In Africa, the oral tradition of passing down folklore over generations is still alive and well. The methods of storytelling have changed, but the necessity still exists. The founders of Kugali Media are dedicated to delivering contemporary African stories in comics and animated media.
There is a tendency in Western countries to exclude Africans from modern storytelling or otherwise dictate a hollow representation of them. This led to the creation of Afrofuturism—a genre or aesthetic that blends elements of science fiction, historical fiction, fantasy, and Afrocentrism. Artists like Sun Ra, Parliament-Funkadelic, and Octavia Butler helped shape a vision of the African diaspora in the future. Subsequently, Kugali Media look to continue to re-imagine what that future could look like.
Initially, they started as a blog and podcast, then they published Kugali Magazine, which led to a Kickstarter campaign to produce a Kugali Anthology. 775 backers from all around the world came together to crowdfund the UK-based project. Since then, founders Ziki Nelson, Tolu Foyeh, and Hamid Ibrahim have developed a second anthology, along with a Raki edition (a version for mature audiences). They also launched a Patreon account and YouTube channel.
Kugali Media has racked up impressive accomplishments in just the last three years. Recently, they were the subject of a BBC Stories documentary that aired on January 10. This is just the beginning. The publisher looks to expand into animation, video games, and even Augmented Reality (AR) soon.
Kugali comes from a Swahili phrase, “A-Kujali,” meaning “something that matters.” It’s easy to see what they’re doing as positive, because there is a need for authentic African representation in the medium. Moreover, it’s refreshing to see Africans take on the task, put together a Pan-African collective of creators, and create something new with respect for the rich history that preceded it. Instead of continuing to wait for non-African creators to show the same care, they took the opportunity to create a solution.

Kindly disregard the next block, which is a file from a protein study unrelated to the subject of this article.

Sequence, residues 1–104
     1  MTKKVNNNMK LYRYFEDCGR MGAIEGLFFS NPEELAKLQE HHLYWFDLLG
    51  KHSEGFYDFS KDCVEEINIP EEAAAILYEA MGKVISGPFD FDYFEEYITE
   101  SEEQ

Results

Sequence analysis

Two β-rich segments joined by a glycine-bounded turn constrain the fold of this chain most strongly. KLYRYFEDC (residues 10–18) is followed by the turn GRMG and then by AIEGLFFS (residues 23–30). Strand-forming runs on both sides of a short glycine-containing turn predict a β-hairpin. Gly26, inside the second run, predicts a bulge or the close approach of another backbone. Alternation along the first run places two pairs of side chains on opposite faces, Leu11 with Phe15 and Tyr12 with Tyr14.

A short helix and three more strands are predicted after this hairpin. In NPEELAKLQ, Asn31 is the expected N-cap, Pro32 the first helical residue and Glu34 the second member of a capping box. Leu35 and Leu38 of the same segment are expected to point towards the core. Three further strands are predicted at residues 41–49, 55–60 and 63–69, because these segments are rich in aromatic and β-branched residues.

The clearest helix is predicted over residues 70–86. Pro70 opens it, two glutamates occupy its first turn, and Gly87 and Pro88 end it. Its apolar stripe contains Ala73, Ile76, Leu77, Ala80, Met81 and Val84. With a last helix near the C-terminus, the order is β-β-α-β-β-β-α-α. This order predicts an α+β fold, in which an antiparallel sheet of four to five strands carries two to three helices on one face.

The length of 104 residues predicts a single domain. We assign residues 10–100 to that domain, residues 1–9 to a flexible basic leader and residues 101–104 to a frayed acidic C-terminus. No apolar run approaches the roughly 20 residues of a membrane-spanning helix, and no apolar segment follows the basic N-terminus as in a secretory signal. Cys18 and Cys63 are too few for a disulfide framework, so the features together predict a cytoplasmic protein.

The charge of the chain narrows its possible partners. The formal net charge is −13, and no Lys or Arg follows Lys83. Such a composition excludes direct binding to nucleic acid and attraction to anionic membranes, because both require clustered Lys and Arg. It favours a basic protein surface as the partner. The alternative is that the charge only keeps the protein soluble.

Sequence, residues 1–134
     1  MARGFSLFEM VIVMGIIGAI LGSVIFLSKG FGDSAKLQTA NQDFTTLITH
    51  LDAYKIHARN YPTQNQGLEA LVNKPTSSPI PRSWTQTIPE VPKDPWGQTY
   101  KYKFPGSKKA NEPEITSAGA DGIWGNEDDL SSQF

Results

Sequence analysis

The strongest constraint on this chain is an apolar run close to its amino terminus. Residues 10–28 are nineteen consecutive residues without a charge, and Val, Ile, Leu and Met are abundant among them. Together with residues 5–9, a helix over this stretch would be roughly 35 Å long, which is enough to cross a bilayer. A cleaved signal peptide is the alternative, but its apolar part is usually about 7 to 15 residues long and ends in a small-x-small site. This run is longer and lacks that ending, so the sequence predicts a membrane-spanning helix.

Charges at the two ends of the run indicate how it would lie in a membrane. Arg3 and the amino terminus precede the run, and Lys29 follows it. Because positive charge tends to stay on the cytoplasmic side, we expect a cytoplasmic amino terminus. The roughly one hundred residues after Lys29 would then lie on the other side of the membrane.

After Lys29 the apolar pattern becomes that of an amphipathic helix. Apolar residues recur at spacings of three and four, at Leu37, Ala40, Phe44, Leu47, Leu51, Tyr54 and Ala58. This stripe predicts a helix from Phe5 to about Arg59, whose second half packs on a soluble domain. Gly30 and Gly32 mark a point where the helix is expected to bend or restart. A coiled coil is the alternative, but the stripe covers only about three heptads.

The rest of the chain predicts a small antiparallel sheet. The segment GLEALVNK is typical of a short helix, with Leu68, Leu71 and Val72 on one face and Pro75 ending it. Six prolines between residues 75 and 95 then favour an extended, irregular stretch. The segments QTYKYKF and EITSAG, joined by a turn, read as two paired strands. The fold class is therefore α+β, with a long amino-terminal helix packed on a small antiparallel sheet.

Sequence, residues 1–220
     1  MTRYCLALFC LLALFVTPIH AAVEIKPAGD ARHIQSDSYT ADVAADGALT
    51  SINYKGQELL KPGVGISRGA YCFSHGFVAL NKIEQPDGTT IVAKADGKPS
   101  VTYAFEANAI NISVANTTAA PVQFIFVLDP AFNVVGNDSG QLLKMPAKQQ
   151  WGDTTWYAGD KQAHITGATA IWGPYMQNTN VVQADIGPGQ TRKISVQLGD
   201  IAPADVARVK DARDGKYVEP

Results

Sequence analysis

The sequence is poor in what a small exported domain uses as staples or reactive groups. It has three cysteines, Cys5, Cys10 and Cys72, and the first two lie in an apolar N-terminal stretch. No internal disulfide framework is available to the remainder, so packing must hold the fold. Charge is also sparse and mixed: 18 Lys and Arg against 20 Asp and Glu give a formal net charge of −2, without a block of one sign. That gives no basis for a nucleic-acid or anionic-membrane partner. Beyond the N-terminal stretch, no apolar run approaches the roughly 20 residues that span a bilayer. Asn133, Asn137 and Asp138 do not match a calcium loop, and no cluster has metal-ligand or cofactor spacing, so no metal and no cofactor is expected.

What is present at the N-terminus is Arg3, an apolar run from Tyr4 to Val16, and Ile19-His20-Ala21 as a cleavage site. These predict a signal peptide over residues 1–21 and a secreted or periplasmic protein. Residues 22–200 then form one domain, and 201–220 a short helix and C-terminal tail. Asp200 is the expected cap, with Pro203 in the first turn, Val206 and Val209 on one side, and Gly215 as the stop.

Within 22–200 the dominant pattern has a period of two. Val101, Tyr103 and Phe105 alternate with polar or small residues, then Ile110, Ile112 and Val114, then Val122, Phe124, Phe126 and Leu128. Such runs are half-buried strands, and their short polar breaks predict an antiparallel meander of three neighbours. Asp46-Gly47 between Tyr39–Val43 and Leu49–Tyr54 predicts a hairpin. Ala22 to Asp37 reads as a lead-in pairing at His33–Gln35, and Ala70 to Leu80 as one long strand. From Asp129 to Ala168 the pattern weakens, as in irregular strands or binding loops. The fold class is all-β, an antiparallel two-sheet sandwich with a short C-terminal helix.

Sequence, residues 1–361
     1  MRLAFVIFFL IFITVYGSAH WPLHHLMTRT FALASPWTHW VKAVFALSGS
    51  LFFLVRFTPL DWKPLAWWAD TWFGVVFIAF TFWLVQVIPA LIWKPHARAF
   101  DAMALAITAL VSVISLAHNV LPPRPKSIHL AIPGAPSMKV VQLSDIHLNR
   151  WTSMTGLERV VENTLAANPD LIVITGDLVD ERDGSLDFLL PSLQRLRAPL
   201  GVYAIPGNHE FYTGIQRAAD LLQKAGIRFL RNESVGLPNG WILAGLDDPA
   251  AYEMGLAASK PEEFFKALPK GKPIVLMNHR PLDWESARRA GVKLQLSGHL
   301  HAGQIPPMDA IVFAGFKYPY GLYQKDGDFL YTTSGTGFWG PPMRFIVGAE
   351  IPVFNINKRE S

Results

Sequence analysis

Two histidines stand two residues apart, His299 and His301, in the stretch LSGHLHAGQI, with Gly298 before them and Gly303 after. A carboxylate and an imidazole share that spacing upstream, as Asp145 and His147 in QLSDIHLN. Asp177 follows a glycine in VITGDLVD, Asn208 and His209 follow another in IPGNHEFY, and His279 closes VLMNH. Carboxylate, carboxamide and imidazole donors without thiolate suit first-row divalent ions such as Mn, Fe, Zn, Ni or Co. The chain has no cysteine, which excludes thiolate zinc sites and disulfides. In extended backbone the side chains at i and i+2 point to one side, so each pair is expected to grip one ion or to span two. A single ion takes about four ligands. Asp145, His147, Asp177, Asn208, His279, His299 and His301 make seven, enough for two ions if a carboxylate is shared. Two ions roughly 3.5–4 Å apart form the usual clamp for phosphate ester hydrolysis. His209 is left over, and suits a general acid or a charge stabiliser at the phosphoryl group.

The results are reminiscent of what Dwayne McDuffie, Denys Cowan, Michael Davis, and Derek T. Dingle did with Milestone Media—a groundbreaking initiative to publish superhero books starring people of color. Kugali brought together 15 native creators from various African countries on both anthologies. In addition, they showcase African artwork and spotlight up and coming artists. It says a lot that they’ve worked this hard to create an inclusive community.
Social media creates a straightforward forum to connect with like-minded individuals, so it’s inspiring to see creators use it constructively. Their blog/podcast came first, setting the table for expansion into future projects. It’s admirable to see they didn’t abandon the community they built, because it seems so integral to the message of Kugali. This creates the chance to educate audiences about African culture, promote African artists, and entertain all at the same time.
We here at Do You Even Comic Book commend the work Kugali Media is doing. Representation is important, but it’s just as essential to build a community within geek culture. Their visibility will inevitably inspire more projects, and that only furthers their goal to see more stories within the genre with African characters.
If you want to support them, you can go to their website where you can purchase the first and second volume of their anthology. You can also keep up with what they’re working on next through their Patreon, YouTube channel, and Twitter page.
Phil is a comics, wrestling, movies and music enthusiast. He knows more random factoids than he probably should and is more than often in his feelings. He can often be found dying on a hill to prove a point most people don’t care about.